I didn’t want to talk to anybody. I just wanted to see my mom, say goodbye and get out of there. But I couldn’t just talk to nobody, I had to go through the motions and make smalltalk with all my ex-relatives, to whom I really had nothing to say.
And to make everything worse, I started crying, and I couldn’t do anything about it. So there I was, an unwanted stranger at a funeral, and then I saw my father. He noticed me, too, and he slowly made his way toward me, his face ice expressionless, and I was dreading the upcoming conversation. “What could he possibly have to say to me?” I wondered.
“Gloria,” he said. “I’m sorry.” And then he hugged me as unsurely as if he were hugging a random person on the street. Did he think he could just say sorry and the past six years would go away? What was he sorry for, exactly?
My father let me go, and then we looked into each other’s eyes for a minute. And all I could think was, “What, does he want me back now that he lost the only other woman in his life?” I wasn’t ready to forgive him for what he did to me. Sure, I was the one who had the baby, but he didn’t have to overreact. He disowned me, for God’s sake. Because of him, I couldn’t go to college. Because of him, I had gone nowhere in life. Because of him, I cried myself to sleep every night for a whole year. And he thought I’d forget about all that just because Mom died and he gave me a hug?
“I forgive you,” he said.
“Okay,” I said. What was I supposed to say?
It started when I was 16, when my parents found out I had been dating this guy Jeff who they didn’t like very much. He wasn’t a bad guy, but he wore the image to a certain extent, he wanted to be perceived that way. Jeff was cool. And me, being a typical, insecure teenage girl, I couldn’t get enough.
We’d skip class and drive fast in his car without our seat belts on. He’d take me out to eat all the time, he had an after-school job that paid pretty well for a teenage kid with no expenses. He acted all badass with his guy friends, swearing in every sentence, but he was never like that with me. He was sweet. More than once he even took me to stores like Bath & Body Works and Victoria’s Secret, where I shopped because I thought I was such a woman, and he never complained. Deep down, I thought it made him feel like more of a man.
And how he dressed, I can remember it clearly, like any woman remembers her first love. He almost always wore his dad’s faded denim jacket, that was back between the times when they were cool, and that’s what made him really cool. Underneath, he wore flannel button-downs in bright plaid, most of the time long enough to cover his boxers, which poofed out of his sagging, baggy pants. And his hair, his brown curls fell just so carelessly that I could tell he spent a lot of time arranging them. He was perfect, and he knew it. I think he did it all for me.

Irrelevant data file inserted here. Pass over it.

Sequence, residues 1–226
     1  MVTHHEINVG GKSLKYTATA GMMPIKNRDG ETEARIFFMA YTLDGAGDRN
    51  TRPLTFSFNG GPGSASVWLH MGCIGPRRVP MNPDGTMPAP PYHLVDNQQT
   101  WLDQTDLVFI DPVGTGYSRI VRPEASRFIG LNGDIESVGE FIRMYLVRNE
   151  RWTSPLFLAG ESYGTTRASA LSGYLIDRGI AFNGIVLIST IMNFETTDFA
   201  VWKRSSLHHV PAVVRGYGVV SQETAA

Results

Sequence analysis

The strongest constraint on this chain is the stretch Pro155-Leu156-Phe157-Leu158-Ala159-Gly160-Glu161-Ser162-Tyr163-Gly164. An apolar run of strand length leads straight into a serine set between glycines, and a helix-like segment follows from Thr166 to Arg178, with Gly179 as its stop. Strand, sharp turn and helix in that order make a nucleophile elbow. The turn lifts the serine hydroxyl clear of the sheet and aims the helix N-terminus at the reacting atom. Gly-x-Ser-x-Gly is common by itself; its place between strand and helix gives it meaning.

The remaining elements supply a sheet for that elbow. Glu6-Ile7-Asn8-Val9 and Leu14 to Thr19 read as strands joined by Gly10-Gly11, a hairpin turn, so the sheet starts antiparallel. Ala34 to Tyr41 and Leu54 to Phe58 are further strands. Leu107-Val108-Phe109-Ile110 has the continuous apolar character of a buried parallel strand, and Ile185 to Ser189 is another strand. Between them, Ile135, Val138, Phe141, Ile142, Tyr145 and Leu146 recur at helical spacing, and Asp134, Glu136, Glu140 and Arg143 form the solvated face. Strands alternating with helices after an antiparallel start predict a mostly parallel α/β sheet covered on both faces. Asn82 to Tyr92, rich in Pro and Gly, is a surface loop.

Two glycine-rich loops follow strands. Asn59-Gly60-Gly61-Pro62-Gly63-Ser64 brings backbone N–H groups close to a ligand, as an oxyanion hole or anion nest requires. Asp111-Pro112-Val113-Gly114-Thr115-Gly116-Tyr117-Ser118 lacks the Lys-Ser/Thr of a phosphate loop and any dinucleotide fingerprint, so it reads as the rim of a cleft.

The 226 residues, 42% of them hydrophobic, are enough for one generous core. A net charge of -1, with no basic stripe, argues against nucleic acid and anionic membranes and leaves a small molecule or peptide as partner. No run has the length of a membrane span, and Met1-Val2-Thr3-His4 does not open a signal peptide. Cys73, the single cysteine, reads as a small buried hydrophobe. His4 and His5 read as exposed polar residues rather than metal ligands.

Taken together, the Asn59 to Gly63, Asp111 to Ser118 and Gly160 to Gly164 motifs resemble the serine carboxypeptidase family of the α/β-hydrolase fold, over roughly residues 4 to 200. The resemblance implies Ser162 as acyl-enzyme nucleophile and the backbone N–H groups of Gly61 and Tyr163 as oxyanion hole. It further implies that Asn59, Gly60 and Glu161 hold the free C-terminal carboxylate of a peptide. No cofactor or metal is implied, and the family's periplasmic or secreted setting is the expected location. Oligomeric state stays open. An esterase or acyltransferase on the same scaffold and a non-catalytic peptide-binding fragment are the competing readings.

After we’d been hanging out basically all day every day in school, I started to figure out I was in love. I figured it out for sure one day when we were driving in his car, going anywhere but to class, and my favorite song came on the radio. Jeff turned it up really loud and we sang along at the top of our lungs.
When that happened, I thought it was time to introduce him to my parents. “They’ll love him,” I said to myself. “I mean I do, why wouldn’t they?” But it turned out that they didn’t even like him. I don’t know what kind of problem they had, they certainly didn’t tell me about it. And Jeff had been a perfect gentleman with them.
Then when my mom found out we were sleeping together, I think their dislike for him boiled into hate. My mom did so many things for me over the years behind my father’s back, I don’t know why she couldn’t just keep it to herself. She should have known how my father would react. But there’s no point crying about it now, I thought, and I shouldn’t be thinking so poorly about someone who’s dead, anyway.
My father lectured me over and over about what a sin I was committing and how it was not only unsafe but immoral, and hadn’t I ever heard of AIDS or pregnancy? If I got pregnant, he said, how would that make the family look?
I never forgot the day. I was sitting down on our old flower-printed couch in the living room, and my parents were burgeoning over me. My mom, standing in the background like a pattern, was half-shading her eyes, wishing she wasn’t there. My dad was pacing back and forth, just going on and on, he was really angry.
“You keep doing this, and you’re going to have yourself a baby,” he was saying. “Is that what you want, you little slut? You’re still a baby yourself. What are you thinking? You know, I knew that boy was trouble as soon as you brought him over here. I should have stopped him from seeing you when I had the chance.”
“I’m not going to have a baby,” I said. “He always uses a condom.”
“Always? Like you’re doing it a lot? Glo, you’re just a girl. A little girl. A little, stupid girl. And what are you talking about condoms? It’s bad enough that you’re breaking the Lord’s heart by having sex, but you using condoms is just going to tear Him apart. You shouldn’t be using those pagan fucking things, and a condom doesn’t mean shit, anyway. Didn’t they teach you that in school? I bet that little dickhead pokes holes in them, anyhow, and I’m sure he keeps the damn things in his wallet, am I right? Don’t you know that makes the shits worthless? Goddammit, girl, you used to be smarter than this.”